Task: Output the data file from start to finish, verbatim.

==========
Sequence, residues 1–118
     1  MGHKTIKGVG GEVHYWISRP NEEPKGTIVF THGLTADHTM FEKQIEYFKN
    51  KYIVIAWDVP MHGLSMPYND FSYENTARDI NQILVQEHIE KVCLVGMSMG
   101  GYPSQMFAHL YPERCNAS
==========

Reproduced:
Sequence, residues 1–118
     1  MGHKTIKGVG GEVHYWISRP NEEPKGTIVF THGLTADHTM FEKQIEYFKN
    51  KYIVIAWDVP MHGLSMPYND FSYENTARDI NQILVQEHIE KVCLVGMSMG
   101  GYPSQMFAHL YPERCNAS